Johnson: What do you say about that, Mr. OMB Guy?
OBM Guy: Mr. Starr is correct.
Starr: FLETC’s entire campus is about the same size as what we would build, except at Ft. Pickett it would be on an active military training base where we could practice interoperability with our military partners and be surrounded by thousands of acres of buffer zone that would prevent any intrusion on the local community.
FLETC Lady: Mr. Starr says he has to train with military partners. Well, I just so happen to be looking into using part of an old military base right in Georgia for a safe place to fire those heavy weapons. The Marine Corps is going to use it, too. Marine Corps? That sounds like the same military that Mr. Starr likes to train with so much.
For the wrap up, Chairman Johnson got out of the travel agent business and became all accountant.
Johnson: Mr. Starr, I demand a full and complete accounting of every possible cost and business case analysis for this decision before I agree with you that Ft. Pickett is the best choice.
Starr: Senator, the GAO is doing just such as study, at the request of the House Foreign Affairs Committee, and its report is due to be released in about one month. I’ve seen the draft, and I believe the GAO will support using Ft. Pickett.
Johnson: Mr. OMB Guy, what do you know about that?
OMB Guy: Mr. Starr is correct.
The hearing became a little clearer when I saw an updated WaPo piece with quotes from leaked OMB documents and allegations of nefarious doings by Deputy SecState Higginbottom:
In early 2014 it looked like the White House was going to scrap State’s plans for a multimillion-dollar, brand new diplomatic security training facility. Its budget analysts decided that the Georgia site was the cheaper option.
But then Deputy Secretary of State Heather Higginbottom got involved.
Higginbottom, previously deputy director of the Office of Management and Budget, reached out to her former OMB colleague, Steve Kosiak, who oversaw the national security and defense budget.
According to an OMB analysis and e-mails between Higginbottom and Kosiak, the White House initially decided expanding the Georgia location made more economic sense, according to documents obtained by the Loop.
“FLETC can meet the vast majority of State’s current requirements for access to facilities and course scheduling, training requirements, and life support services, all at a much lower estimated cost than Fort Pickett,” according to a late 2013 OMB cost analysis.
“While Fort Pickett would have an advantage for location and interagency synergies, the [OMB’s resource management office] does not believe that the difference is substantial enough to rule out FLETC… FASTC at FLETC would ultimately have more capabilities than FASTC at Fort Pickett at a lower cost.”
It is not at all clear to me that the training facilities that FLETC was asked to cost out in 2013 are the same ones that State now plans to build at Ft. Pickett. As stated during the hearing, State's soft skills training will remain in existing in-house facilities for efficiency, rather than move to Georgia as per the FLETC proposal. And, as the FLETC Lady acknowledged, her facility in Georgia can't support night training, use of heavy weapons and helos, or interoperability with State's military partners. Is there really an apples-to-apples comparison that favors FLETC?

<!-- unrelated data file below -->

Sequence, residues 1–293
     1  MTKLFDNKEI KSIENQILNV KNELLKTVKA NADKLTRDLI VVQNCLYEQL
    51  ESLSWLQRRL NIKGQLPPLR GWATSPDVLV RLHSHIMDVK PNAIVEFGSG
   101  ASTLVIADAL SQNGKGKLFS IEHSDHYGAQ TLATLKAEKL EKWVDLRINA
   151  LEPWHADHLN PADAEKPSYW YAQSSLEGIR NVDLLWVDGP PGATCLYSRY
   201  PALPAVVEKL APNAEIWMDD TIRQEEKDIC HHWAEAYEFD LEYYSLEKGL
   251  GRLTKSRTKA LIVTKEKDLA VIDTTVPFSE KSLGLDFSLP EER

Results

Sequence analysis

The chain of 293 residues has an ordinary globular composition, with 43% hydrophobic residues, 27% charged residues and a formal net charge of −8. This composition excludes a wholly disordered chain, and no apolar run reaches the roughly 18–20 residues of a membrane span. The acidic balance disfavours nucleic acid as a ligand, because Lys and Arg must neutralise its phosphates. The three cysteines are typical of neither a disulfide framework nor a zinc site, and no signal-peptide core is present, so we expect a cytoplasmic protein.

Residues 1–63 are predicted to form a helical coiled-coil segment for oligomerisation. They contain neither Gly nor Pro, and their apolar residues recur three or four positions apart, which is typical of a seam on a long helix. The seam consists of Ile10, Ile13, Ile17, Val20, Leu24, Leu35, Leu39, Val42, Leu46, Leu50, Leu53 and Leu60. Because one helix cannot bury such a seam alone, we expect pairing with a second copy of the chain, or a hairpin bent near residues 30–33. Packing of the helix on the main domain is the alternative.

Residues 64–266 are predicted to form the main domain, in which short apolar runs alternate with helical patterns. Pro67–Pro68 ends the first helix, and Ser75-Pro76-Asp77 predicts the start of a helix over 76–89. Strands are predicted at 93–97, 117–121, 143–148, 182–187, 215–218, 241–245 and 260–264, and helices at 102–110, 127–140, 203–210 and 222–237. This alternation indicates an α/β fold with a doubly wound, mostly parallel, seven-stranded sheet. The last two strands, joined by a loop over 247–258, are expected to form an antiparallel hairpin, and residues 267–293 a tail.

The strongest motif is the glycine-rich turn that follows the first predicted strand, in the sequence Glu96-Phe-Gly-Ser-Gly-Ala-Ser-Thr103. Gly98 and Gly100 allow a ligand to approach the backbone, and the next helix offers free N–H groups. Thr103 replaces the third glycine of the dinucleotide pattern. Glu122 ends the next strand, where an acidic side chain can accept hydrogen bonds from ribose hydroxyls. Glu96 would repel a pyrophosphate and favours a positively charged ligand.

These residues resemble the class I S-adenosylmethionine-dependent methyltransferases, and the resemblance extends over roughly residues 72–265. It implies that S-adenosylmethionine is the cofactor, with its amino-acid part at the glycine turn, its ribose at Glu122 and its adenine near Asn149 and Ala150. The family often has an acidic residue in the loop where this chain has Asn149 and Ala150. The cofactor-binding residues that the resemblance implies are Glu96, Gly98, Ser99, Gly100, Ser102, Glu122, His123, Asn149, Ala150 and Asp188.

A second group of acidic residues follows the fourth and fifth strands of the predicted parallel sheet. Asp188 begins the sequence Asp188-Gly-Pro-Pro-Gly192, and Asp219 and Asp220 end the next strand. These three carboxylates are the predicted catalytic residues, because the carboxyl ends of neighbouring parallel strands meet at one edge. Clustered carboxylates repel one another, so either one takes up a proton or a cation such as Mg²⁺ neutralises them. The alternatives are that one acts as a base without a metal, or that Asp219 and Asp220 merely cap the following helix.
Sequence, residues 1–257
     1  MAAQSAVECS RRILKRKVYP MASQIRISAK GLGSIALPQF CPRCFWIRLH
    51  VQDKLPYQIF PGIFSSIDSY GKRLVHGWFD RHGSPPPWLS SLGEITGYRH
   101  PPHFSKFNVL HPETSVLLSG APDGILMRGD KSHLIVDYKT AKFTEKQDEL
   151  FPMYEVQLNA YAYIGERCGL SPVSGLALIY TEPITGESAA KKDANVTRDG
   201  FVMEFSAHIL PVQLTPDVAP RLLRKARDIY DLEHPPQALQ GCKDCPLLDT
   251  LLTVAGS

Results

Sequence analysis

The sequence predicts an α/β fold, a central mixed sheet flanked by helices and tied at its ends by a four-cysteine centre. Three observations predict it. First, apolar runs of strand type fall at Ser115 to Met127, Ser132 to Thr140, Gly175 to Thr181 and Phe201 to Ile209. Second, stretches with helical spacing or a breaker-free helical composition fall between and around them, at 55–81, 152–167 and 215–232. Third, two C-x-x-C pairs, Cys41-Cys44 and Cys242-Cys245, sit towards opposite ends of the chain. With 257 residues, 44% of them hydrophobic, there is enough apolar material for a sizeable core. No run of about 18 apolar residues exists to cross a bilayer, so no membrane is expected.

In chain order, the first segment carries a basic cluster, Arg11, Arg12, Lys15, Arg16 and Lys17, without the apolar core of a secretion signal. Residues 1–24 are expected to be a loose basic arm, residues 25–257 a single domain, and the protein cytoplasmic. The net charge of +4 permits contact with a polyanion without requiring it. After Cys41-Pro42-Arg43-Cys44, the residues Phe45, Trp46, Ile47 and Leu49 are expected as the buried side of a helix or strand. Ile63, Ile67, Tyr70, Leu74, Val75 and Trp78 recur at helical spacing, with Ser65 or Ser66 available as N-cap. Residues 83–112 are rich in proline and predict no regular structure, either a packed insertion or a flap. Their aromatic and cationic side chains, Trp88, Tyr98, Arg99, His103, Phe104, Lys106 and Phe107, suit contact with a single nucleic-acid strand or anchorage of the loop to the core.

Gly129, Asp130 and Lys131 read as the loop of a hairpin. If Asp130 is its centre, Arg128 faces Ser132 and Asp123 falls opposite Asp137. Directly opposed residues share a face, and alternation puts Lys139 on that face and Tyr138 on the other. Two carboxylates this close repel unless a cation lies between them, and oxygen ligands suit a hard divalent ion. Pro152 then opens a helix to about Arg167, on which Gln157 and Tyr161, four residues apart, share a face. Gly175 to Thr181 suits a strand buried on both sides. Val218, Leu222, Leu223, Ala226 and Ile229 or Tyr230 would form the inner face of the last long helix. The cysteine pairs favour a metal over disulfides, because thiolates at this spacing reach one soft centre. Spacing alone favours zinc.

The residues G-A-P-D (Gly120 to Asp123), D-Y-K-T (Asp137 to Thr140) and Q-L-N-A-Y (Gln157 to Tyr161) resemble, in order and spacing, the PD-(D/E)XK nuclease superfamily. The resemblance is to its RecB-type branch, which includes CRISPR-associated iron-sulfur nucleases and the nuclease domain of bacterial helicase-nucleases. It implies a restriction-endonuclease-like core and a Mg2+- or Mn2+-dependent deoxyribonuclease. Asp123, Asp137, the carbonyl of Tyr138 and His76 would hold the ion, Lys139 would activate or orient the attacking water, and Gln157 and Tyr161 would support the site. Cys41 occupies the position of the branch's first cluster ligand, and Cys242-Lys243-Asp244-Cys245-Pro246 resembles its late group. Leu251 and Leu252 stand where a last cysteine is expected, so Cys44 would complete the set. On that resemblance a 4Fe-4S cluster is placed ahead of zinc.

The WaPo article goes on:
State’s proposal would cost approximately $413 million, which is a dramatically scaled back version of an original $1 billion plan. FLETC claims it could develop the same facility for half that.
Yet, despite the cheaper construction price tag, State argues that the money spent flying diplomats and their spouses to Georgia for hard skills security training would eventually surpass the savings. Plus, it’s less efficient since much of their soft skills training occurs in Washington and Virginia.
State also contends that the Virginia site allows the diplomats to train alongside Marines at Quantico, who serve as embassy security.
State merely “contends” that the Virginia site would allow for joint DOS-Marine training and the Georgia site would not? Well, Quantico isn’t moving to Georgia. It’s more like State pointed out the obvious.
It was odd that Johnson and McCaskill didn’t touch on the WaPo’s allegation that State's Higginbottom improperly influenced the former OMB guy. Maybe they see it as water under the bridge by now, because the current OMB guy said this in his opening statement:
As part of OMB’s efforts to encourage the State Department to consider alternatives to new construction, OMB facilitated analysis of the Fort Pickett and FLETC options. OMB reviewed detailed proposals submitted by both the State Department and FLETC and coordinated interagency efforts to achieve a common understanding of the capabilities and requirements of each proposed facility. In addition, OMB facilitated further discussion between the State Department and FLETC concerning whether FLETC could provide the full suite of training courses and synergies the State Department was seeking to fulfill State’s diplomatic personnel security training needs. This was coupled with an effort by OMB to have the State Department closely review its cost estimates for construction of FASTC. Even prior to this review, the State Department’s Bureau of Diplomatic Security was re-evaluating its plans in order to focus on hard skills training, de-scoping the original proposal from an over $900 million facility to a $413 million facility focusing on hard skills training, such as training with heavy weapons, explosives, and armored vehicles. These savings made FASTC construction more competitive and represented a better value for the taxpayer.
Presumably the GAO report will say the same. Maybe McCaskill will have updated her bus schedules by the time the committee reconvenes.